Educate Texas Calls for Better Teacher Preparation

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Stewart Elementary Teacher Mrs. Montez gives a reading lesson to student Jeimy Rojas in the schools hallway. Photo by Scott Ball.

Scott Ball / Rivard Report

Stewart Elementary Teacher Mrs. Montez gives a reading lesson to Jeimy Rojas in the school's hallway.

While 27,000 sounds like a large number of new teachers at the beginning of every school year, it’s not enough. Teacher shortages across the state have districts scrambling.

Simultaneously, the average length of a classroom teaching career is getting shorter. The need to get teachers certified quickly without sacrificing the quality of their preparation is one of many perplexing issues Texas and other states are facing.

According to the nonprofit public education initiative Educate Texas, the state has 231 educator preparation programs (EPPs). Alternative certification and post-baccalaureate programs are now as common as traditional pathways through colleges and universities.

“Texas is definitely in a unique space,” Educate Texas Deputy Director of Policy Priscilla Aquino Garza said. “We’ve opened up the ability to become a teacher significantly.”

Increased access is great, Garza said, but EPPs must simultaneously make sure that the people who end up in front of students are highly qualified. While pathways into the profession have multiplied, State regulations do not currently ensure that new teachers are truly prepared.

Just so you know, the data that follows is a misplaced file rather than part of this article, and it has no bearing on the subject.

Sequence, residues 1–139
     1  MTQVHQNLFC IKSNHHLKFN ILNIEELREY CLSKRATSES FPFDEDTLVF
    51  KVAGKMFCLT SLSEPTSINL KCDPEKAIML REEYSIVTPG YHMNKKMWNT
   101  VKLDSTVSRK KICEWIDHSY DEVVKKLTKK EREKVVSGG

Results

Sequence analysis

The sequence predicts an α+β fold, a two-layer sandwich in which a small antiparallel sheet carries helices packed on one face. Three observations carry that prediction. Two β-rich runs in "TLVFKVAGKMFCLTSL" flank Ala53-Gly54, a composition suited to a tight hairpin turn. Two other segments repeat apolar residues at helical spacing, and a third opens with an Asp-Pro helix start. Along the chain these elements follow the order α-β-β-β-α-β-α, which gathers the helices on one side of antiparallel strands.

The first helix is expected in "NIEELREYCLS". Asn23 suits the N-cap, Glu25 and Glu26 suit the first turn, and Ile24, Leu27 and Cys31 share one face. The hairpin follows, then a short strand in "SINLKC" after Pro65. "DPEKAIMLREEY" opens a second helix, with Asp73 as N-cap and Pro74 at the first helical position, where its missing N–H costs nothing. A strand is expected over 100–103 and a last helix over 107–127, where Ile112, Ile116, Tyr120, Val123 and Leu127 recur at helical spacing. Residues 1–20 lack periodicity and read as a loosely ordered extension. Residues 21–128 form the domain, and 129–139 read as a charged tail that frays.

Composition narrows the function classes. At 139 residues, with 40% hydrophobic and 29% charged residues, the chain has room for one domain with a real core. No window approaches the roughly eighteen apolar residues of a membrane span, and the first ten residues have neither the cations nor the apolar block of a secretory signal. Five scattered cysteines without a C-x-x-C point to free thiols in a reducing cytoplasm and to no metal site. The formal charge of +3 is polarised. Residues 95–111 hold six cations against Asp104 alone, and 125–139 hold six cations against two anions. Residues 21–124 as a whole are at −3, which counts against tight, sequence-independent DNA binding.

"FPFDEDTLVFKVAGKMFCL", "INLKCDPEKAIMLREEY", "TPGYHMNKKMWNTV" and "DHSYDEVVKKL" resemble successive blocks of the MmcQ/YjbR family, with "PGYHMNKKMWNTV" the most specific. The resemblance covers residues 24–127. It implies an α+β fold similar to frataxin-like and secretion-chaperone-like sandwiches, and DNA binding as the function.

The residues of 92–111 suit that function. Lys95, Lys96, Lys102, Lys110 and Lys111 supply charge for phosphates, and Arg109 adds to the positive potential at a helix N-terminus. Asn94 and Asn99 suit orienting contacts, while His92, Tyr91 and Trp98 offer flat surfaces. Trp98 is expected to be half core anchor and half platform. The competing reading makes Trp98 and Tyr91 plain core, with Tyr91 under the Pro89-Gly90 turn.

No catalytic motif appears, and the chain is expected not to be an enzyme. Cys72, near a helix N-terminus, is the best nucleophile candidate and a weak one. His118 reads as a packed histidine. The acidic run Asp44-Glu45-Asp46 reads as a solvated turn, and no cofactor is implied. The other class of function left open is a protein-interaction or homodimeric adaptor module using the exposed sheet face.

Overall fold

The Texas Teacher Preparation Collaborative is an initiative of Educate Texas, which itself is a public-private initiative of Communities Foundation of Texas. It brought together 14 education leaders from around the state including teachers, principals, superintendents, deans of colleges of education, chief executive officers of alternative certification providers, and nonprofit organizations.

By rounding up people with a common goal – putting well-equipped teachers in Texas classrooms – the Collaborative encouraged dialogue and sharing between entities that tend to stick to their own silos.

“It reminds you how many people want to make things better,” Garza said. To do that, sometimes the answer was as simple as connecting to resources. “Good behavior between all the key players doesn’t cost money. You don’t need a million dollars to have a conversation.”

Other issues are more complicated and potentially costly. The Collaborative was chaired by Jim Nelson, former Texas Education Agency Chair, executive director of AVID, and superintendent of Richardson ISD. His long career in Texas education allowed him to bring historical perspective to the conversation. With knowledge of what has been tried in the past, what has failed and why, Nelson helped the group derive three key recommendations:

  • Establish a competency-based tier system for licensure
  • Establish a data base to compare and contrast program outcomes
  • Conduct state-specific research through a Texas Educator Preparation Evaluation and Innovation Alliance.

The first recommendation would include a probationary certification to ease new teachers into the profession. Additional levels of certification would officially reflect field work hours and additional capacities.

“Teachers can be trained to be great teachers,” Nelson said. Natural talent is hard to spot on a résumé, but tiered licensure would help identify those who have made progress in their careers.